I’m not talking about the type of person who made the black rhino place on the extinction list but I am talking about people who put arts communities at risk with half-measures, undercutting others and generally not doing anyone (especially themselves) any favors. Although this can *include* stealing material it certainly encompasses a number of bad behaviors and you may even be inadvertently doing this if you are a new performer or organizer.

Early on, a troupe  I will hereafter  to as Calamitas Fatum or CF for short. (Latin purists feel free to conjugate) they offered up services for free.   This is a piece of advice you will hear over and over NEVER DO THE JOB FOR FREE.  I think it is one thing if you are a lane act or busking with a simple contract but once you offer it for free, you never get to NOT do it for free and you achieve a not-very-good reputation and other performers may well growl in your general direction. The flip side of course is for people who hire the free people-you get what you pay for, long term. We once were at a festival and the police showed up. This was interesting to us but much more interesting to the fair acts and vendors who mysteriously melted away in the flash of blue lights. If your “free” act does damage, you have no recourse.

If you are the free act, you are undervaluing yourself, you have put time and money into your costume, time, materials , lodging and transportation. And if you are throwing that much financial backing in and just giving it away, well you might as well be a reenactor. (Sorry folks, that was a little joke and my friend Dudicus, the Roman Reenactor will probably hit me  with a food item on your behalf) But on a serious note, love doesn’t cut it at the ecosystem of the renaissance faire. There is a long term price to pay even if it is not immediately obvious. Not least of which is decreasing your chance of getting a pay raise. After all you’ve done it for free why should they pay you?

You’ve seen a faire act, you loved them. You laughed, you cried, it became a part of you. And then, they turned out to be perfectly wonderful, kind people and you wanted to do exactly what they did…so you asked for ideas and operating procedures. And get some serious attitude, but don’t know why. OR they are kind but vague and they point, yell “Shiny Squirrel!” and flee. I’m going to tell you why. Because you are their competition and they have no interest in giving you a hand to do it. With Phoenix Swords we stopped teaching  people to do fire and swords without a commitment because several people did just that-took our expertise and then formed a renfaire act. We have encouraged acts –who live 200 miles away from us or more.  And let me be clear, it’s one thing to do what we did with your own study and work but if someone steals material and then does it, *Evil Overlord Voice* you are simply fresh meat and will be devoured accordingly.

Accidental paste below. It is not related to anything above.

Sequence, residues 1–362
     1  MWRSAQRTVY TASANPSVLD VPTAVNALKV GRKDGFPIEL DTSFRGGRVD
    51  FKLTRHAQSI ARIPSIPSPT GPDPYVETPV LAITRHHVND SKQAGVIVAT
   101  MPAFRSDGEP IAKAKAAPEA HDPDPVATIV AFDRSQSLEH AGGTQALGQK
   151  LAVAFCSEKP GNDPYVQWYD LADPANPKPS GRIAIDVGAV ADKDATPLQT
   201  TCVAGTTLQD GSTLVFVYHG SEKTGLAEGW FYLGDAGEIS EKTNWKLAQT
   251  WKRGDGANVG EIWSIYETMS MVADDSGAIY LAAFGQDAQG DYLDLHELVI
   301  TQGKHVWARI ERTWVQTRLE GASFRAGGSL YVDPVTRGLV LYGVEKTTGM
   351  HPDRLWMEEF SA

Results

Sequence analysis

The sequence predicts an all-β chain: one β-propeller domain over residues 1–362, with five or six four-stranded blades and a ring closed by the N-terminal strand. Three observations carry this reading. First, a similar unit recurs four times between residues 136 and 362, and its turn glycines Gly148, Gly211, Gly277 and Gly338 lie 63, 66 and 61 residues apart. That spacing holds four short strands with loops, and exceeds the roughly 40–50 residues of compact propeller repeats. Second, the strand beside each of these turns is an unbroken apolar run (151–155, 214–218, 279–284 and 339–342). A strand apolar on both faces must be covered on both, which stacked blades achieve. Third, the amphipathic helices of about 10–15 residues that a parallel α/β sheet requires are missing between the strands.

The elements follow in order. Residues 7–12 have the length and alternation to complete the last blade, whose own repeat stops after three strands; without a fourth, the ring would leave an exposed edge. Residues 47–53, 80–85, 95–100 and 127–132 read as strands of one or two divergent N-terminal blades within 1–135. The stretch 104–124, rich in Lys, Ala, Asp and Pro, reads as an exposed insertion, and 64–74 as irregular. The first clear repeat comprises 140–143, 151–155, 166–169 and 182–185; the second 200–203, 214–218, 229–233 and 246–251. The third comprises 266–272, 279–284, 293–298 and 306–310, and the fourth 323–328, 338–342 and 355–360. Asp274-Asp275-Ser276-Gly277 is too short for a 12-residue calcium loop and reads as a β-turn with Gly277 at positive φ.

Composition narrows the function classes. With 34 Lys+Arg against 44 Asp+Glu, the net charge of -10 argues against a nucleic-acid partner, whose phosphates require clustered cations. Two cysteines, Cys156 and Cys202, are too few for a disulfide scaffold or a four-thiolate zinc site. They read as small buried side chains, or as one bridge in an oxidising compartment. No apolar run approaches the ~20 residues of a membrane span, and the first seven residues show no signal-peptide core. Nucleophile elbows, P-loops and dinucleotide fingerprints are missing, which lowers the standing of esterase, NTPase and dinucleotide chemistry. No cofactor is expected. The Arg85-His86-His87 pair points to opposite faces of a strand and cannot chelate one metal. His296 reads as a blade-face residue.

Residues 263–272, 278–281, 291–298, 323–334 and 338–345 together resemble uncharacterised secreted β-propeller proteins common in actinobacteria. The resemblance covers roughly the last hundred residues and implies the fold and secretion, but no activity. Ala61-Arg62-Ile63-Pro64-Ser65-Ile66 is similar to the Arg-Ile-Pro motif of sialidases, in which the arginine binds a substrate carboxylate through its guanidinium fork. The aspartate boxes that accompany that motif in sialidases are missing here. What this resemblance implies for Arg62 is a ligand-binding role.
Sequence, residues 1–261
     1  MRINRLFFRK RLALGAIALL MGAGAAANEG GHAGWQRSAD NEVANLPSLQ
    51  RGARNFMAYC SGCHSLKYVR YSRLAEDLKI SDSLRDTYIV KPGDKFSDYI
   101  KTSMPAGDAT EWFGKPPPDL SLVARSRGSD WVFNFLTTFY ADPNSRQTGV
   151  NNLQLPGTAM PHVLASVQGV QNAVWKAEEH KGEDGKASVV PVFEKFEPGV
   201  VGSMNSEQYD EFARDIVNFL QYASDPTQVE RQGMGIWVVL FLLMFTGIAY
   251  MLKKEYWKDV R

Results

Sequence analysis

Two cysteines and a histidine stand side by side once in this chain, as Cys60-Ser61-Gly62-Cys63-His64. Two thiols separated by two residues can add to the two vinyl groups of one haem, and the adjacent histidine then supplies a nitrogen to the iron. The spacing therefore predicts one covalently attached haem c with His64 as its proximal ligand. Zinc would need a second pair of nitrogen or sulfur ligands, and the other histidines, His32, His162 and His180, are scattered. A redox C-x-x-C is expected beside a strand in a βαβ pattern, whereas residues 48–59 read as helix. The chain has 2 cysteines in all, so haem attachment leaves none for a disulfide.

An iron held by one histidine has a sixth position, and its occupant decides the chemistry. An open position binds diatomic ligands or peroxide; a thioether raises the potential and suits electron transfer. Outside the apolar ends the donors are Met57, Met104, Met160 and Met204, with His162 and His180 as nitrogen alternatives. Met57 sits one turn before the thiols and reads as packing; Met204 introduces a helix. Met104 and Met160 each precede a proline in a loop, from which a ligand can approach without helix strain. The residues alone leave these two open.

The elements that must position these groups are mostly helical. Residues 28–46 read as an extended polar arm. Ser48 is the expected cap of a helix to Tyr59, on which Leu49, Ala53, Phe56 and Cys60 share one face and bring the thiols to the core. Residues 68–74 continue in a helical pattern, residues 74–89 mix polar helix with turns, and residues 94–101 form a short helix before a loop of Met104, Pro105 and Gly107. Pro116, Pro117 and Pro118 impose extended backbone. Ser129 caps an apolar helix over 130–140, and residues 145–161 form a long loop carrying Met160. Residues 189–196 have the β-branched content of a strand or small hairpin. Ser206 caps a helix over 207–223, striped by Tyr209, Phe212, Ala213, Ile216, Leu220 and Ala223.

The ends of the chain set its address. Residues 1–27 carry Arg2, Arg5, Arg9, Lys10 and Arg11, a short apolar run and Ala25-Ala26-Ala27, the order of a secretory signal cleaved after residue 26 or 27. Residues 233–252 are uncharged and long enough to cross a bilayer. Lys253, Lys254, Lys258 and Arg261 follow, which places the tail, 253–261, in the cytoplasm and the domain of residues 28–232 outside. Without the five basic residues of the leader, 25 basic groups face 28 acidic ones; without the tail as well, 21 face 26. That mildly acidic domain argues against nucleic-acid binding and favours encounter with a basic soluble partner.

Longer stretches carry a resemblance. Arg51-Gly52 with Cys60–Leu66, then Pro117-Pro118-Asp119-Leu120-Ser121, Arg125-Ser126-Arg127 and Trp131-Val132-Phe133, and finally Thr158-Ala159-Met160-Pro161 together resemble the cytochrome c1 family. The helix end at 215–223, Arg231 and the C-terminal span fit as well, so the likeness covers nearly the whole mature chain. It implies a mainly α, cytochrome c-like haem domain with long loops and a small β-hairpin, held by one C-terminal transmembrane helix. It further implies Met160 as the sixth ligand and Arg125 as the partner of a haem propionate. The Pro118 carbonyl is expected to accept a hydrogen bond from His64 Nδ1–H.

There was a faire where suddenly  inexpensive  fire acts proliferated and we were genuinely worried we might not be rehired. But then, the Fire Marshal visited and the act that was insured and had a stage/fire plan, MSDS sheets and copious safety measures-was the victor. (That was us by the way) And I was appalled that it happened to a local act when their own members not only undercut their prices but tried to nudge them out of a contract which leads to;

Stealing contracts.  It’s a free market and you have to offer value, we all understand that. But this will not only earn you a reputation but tells your employers how much they can trust your word. Our group “poached” a contract ONCE with the full knowledge and consent of the contract holder. How? The group CF signed on for a long-distance contract and then the members abandoned their leader to his litigious fate (big penalties)  He subcontracted us and when it became clear that the OTHER contract he’d signed at his groups urging had NO chance of happening, we simply slid in, asked for the contract change and voila!  We were happy, the leader was happy, the organizer was happy!  But if you are sneaking around, defaming others, that is bad stuff and will bite you in the end. The only people who felt it was ‘poaching’ were the people who had left their own leader in the lurch!

And organizers, when you poach acts, (and many do) you do yourself a disservice in several ways; First, that means you won’t have a unique act to the area, even if they have a following and people will go to a cheaper venue to see them. Secondly, if you DO poach them, that increases their value and you may well end up in a bidding war that you will lose (even  if the act is all “Yeah Baby!”) And if you poach them and then don’t live up to those promises, *Evil Overlord Voice* Your name will live in infamy…and lawsuits!

I’m not saying the renaissance faires are pure places with unicorns and rainbows, but there is a certain amount of integrity that will serve you in the end result.   The old adage “Live by the sword, die by the sword” absolutely applies here. If you poach, undercut, steal and generally are an underhanded jerk that comes to haunt you, specifically.  You kill not only high-quality acts but pollute the faire and encourage bad ethics-and yes,  water with a drop of poison is still poisoned water and will draw more poison. I’ll mention the book “Tipping Point” here because it is true that once a certain bad behavior is tolerated, it begins a long slide, thus part of the term, ‘Tipping point.’

But as our fire juggler says, and I’ll probably quote again.
“Don’t be that guy.”